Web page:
Thursday, 10 November 2016

Reader's Letter Of The Day

From The Evening Standard:

I wish that David Reed [Letters, November 8] and others would stop peddling the myth that the EU referendum was advisory.

I doubt he would say the same if the vote had gone the other way. Prime Minister David Cameron gave a clear commitment to put into effect the result of the referendum and, while the terms of Brexit remain open for discussion, the initial part of the process is not, and must be put into effect.

Jeremy Rayner.

Exactly. I was pleasantly surprised that Leave just edged it, but had it been 52/48 in favour of staying in, I doubt whether the UK government would have said, ah fuck it, let's leave anyway.

I would have been mildly disappointed if the vote had been to remain (as widely expected), but that would have been the end of that AFAIC, shrug it off, move on, the same as with the AV referendum, where the government got the result it wanted by subjecting us to a torrent of lies and propaganda.


Ralph Musgrave said...

It wasn't just that Cameron gave a "commitment to put into effect" the result of the vote. Government blurb issued before the vote (presumably approved of by Labour) said in black and white that government would abide by the result.

Mark Wadsworth said...

RM, did it? I waded through the first few pages of lies and bullshit and threw it in the recycling in disgust.

Frank said...

It's on the website. I tried to post a link but it threw up an error so Google* for EU referendum leaflet. The bit you want is on page 14:
"This is your decision. The Government will implement what you decide."

* Other fine search engines are available. So I'm told.

Bayard said...

AFAICS, legally, the Referendum was advisory. The rest was just printed bullshit from "Cast-iron" Dave, who never thought he'd lose. When push came to shove, the government had more sense than to overturn the result.

Mark Wadsworth said...

F, thanks. Leaflet is here.

"This is your decision. The Government will implement what you decide."

B, advisory, shmadvisory. In UK constitutional law, Parliament is top dog, even if they had said it is legally binding, they'd be perfectly within their rights to ignore the result afterwards. So of course it was only advisory.

As to Dave, he is a twat, He won the AV referendum with lies and propaganda, he won the Scottish referendum with lies and propaganda and thought he'd go for the treble and win the EU one with lies and propaganda.

Bayard said...

"As to Dave, he is a twat,"

At least he is a twat that had the grace to go, unlike his co-twat, George.

DBC Reed said...

The point is that legally in the UK referendums are advisory: what the brutally ill-educated Cameron made up is, as usual,erroneous. There has been huge debate over thousands of years (see Plato)over whether the majority can tyrannise the entire jurisdiction, something which is at its most acute when one ethnic or language group has a much bigger population than others in the same country.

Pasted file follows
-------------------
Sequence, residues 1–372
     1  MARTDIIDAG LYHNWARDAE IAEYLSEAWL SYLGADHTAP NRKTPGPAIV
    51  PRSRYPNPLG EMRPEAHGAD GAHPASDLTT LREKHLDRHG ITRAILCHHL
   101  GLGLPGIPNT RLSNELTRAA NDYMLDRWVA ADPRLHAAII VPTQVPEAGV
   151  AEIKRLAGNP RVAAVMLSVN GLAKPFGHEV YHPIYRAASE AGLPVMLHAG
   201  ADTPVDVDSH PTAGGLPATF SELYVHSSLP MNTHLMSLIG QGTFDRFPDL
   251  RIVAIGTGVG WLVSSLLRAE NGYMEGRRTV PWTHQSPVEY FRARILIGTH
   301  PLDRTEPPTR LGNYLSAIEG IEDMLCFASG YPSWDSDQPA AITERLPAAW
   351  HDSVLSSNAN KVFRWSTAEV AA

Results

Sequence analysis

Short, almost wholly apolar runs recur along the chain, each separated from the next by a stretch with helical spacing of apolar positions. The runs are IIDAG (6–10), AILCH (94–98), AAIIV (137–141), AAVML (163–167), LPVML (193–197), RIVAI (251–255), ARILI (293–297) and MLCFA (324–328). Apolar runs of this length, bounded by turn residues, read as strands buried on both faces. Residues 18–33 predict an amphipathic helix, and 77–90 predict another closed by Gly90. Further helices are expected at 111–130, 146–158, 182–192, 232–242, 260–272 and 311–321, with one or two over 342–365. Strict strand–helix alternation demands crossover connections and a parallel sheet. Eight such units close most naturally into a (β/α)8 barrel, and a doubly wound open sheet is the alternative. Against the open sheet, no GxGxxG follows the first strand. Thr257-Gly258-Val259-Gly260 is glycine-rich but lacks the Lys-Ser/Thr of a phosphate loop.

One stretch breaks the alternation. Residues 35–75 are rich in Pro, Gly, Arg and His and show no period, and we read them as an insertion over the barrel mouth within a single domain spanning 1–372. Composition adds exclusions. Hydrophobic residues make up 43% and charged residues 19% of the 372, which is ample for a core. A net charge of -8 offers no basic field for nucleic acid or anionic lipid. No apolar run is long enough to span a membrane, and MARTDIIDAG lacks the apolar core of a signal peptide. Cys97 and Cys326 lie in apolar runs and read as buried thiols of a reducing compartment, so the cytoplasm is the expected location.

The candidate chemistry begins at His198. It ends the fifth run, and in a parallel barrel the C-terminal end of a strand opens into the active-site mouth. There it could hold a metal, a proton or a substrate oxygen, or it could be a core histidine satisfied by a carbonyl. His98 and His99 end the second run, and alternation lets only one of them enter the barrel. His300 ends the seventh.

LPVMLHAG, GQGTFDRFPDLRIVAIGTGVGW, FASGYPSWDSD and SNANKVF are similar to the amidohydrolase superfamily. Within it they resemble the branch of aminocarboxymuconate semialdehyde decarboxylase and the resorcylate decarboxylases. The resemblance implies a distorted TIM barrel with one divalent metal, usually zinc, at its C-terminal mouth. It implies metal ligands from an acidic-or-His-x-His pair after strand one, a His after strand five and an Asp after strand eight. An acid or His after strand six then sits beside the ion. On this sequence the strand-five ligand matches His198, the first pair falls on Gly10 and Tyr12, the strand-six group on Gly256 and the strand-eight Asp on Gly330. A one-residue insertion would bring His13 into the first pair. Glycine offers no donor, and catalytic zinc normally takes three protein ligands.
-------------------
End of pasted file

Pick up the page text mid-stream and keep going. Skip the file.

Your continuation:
It is routinely pointed out in British Constitution A level lessons that if the UK allowed routine referendums we would end up with the return of hanging and nasty discrimination against homosexuals. (Just for starters)Or we could have groups of foreign residents being menaced by O' Farage and his low life supporters, as now, something which has ,disgracefully, been accepted on this blog on occasion.
If you want a flavour of the depth and complexity of this issue reference MAJORITARIANISM on Wikipedia : even arcane cases like ABINGTON are really fraught. Why should followers of the majority religion decorate local public buildings at Christmas? Tricky.
This is precisely not an issue which can be kicked around by the it "sobvious" crowd which turned up at Hartlepool Question Time to boo
a Polish woman who had been here 20 years.

Bayard said...

DBCR, I was taught that the idea of the majority kicking the minority in the teeth was brought over by the Normans and the last vestiges of the pre-conquest consensus decision making was the jury system, which too has now gone to a majority vote arrangement, AFAIK.

DBC Reed said...

@B I would have thought that the majority English ordering the minority Scots to leave the Single Market is a more pertinent case in point.And what about Londoners?
There is a tricky argument about the Supermajority (see Wikipedia) which customarily applies in decisions to change the constitution (even of a small club!)No such cautionary proviso was made in our Referendum.
Mark is enthusiastic for pushing us into the wide word of globalised free trade or as it used to be called: oriental cheap labour raising massive investment funds; Trump wants to impose huge tariffs on this problem, exactly what the Common/ Single market was set up to facilitate.
As I keep saying the persistent tendency to try to bracket right wing Brexit with LVT, a rare all-party measure, is to devalue LVT by bad associations.

Mark Wadsworth said...

DBC, you are tilting at windmills as per usual.